Challenges in Supporting Primary and Secondary Students’ Social Needs

Socialization is a core deficit in ASD. Many individuals who are on the spectrum are facing different kinds of social challenges in a daily basis. The good news is, parents and educators are more aware of the social difficulties faced by young children with ASD and more resources have been allocated to alleviate their needs. The bad news is, many older children who are on the spectrum are still challenged socially and they often have to deal with a set of tougher issues.

Generally speaking, social skills are any competences that facilitate interaction and communication. In a way, it is a type of survival skills as it can be found in every aspect in our lives and is important to our functioning. Limited social interest, weaker eye contact, insufficient play skills are some of the common social obstacles found in young children with ASD. But as our children get older, their problems might have evolved to lower rate of friendship, poorer understanding of loneliness, difficulties in team work, weaker in controlling emotions and predicting consequences, bullying, more prone to collusion, or even higher rate of depression and suicidal thoughts.

A bigger challenge is now faced by not only the students, but also their parents, teachers, and paraprofessionals, as they are in a more difficult situation to provide meaningful support to those students.


Increased social complexity and demand

One of the factors that complicates the situation is increased social complexity and demand. As we get older, our social world becomes more complex and refined. The required social skills in mainstream primary and secondary schools are way more and sophisticated compared to those in kindergartens. It is not uncommon to find high-functioning children with ASD, who managed to go through kindergarten without much support, find their social world too overwhelming once they begin primary and secondary schools.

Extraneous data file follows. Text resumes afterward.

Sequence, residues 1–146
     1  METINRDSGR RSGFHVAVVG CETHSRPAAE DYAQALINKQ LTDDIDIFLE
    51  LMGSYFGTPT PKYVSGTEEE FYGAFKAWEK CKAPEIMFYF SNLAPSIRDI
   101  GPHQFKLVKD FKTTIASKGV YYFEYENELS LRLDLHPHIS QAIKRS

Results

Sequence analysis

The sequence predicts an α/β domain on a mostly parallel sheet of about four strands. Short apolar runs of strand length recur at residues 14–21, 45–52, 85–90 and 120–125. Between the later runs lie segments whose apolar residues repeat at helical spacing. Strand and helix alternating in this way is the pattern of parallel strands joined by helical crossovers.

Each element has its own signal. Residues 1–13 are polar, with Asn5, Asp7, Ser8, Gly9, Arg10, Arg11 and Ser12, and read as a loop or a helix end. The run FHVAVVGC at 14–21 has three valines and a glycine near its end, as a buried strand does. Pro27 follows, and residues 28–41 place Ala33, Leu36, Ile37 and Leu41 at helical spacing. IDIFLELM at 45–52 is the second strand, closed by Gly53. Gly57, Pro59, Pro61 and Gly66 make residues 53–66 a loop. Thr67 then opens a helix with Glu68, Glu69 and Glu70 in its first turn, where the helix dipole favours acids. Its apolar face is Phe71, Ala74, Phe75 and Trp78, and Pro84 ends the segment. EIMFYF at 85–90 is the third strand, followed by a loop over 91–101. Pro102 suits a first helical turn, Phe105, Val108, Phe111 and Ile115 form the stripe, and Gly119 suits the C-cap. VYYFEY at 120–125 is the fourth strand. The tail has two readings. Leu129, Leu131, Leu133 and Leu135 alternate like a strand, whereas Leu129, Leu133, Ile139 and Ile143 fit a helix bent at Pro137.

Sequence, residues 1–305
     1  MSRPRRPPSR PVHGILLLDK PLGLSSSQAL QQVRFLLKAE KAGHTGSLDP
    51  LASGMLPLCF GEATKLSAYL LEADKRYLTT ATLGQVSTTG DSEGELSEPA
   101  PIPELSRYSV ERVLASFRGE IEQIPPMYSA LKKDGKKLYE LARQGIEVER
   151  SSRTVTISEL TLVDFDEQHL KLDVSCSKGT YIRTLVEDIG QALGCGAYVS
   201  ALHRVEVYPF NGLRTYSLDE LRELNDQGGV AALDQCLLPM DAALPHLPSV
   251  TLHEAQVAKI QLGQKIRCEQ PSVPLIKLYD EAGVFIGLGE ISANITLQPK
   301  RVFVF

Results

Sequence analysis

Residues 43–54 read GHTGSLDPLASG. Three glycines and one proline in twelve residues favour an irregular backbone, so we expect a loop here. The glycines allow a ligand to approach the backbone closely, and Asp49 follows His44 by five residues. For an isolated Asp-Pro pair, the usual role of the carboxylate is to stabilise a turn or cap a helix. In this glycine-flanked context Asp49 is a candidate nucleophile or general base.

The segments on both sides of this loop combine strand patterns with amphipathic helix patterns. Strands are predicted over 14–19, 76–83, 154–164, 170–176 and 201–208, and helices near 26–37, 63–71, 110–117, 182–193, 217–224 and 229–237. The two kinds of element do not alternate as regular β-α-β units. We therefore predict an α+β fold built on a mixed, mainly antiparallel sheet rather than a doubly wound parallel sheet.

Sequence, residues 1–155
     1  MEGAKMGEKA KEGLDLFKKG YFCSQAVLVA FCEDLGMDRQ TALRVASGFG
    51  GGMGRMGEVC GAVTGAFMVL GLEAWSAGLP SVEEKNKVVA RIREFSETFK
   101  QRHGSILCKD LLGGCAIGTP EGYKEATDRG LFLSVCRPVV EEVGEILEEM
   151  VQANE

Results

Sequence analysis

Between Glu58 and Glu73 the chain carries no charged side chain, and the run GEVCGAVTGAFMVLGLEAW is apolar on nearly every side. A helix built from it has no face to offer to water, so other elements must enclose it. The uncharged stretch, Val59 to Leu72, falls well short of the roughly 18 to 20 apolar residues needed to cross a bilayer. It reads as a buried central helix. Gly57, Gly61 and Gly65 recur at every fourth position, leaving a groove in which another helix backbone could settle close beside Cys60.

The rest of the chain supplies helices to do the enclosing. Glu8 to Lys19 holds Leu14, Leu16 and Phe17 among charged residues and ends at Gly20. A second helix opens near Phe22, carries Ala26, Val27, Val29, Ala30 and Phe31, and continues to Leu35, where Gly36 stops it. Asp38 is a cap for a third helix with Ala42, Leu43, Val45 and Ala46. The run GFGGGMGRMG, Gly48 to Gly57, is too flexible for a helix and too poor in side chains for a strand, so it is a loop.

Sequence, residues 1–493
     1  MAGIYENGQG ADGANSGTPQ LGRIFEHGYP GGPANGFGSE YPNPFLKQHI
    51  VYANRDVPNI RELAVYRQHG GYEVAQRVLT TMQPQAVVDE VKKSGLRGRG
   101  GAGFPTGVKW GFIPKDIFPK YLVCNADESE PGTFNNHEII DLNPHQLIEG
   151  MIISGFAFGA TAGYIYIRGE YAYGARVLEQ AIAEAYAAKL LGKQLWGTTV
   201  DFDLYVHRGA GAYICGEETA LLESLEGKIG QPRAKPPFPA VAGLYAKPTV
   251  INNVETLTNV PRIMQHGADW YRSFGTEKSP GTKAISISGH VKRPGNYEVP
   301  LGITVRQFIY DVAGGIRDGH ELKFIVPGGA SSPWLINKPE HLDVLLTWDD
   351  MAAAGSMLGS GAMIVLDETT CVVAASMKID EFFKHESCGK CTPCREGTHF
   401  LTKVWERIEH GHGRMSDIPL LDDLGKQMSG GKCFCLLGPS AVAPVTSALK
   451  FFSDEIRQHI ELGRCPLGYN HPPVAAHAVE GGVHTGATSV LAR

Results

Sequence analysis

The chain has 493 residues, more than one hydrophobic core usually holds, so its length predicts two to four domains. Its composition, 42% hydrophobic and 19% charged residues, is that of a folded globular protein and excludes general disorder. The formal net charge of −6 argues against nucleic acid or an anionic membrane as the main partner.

Higher academic demand

Whether it is local or international school, academic demand only gets higher and higher as the students become older. To make things worse, many children who are on the spectrum often have different kinds of learning issues, for instance inattention and low learning motivation. Moreover, the majority of primary and secondary schools are full-day in Hong Kong. That means students are spending a large portion of their waking hours in school and time after school is limited and precious. In order for students with ASD to stay in the current educational placement, not surprisingly, they often spend most of their time in academic and sparing time to address social needs become a luxury.


No ‘standard social curriculum’

If social skills training is available for students with ASD, designing and teaching social curriculum for older children are not an easy job. Although there are many books and online resources related to social skills training, there is no ‘standard social curriculum’. Which means parents, educators, and paraprofessionals are required to skim through a large amount of information and be extremely creative in developing social curriculum in order to design individualized and functional social curriculum for our students. Even if ‘standard social curriculum’ exists, due to its ‘standard’ nature, it probably is inadequate to address the social needs of each individual.

Of course including social skills training in early intervention for children with ASD is highly important. But being aware of potential social challenges in primary and secondary school settings and providing support to older students who are on the spectrum are critical as well. Using a functional approach to analyze functions of behaviors, and designing and teaching prerequisite and replacement skills accordingly allow us to address the social needs of our children more effectively and efficiently.

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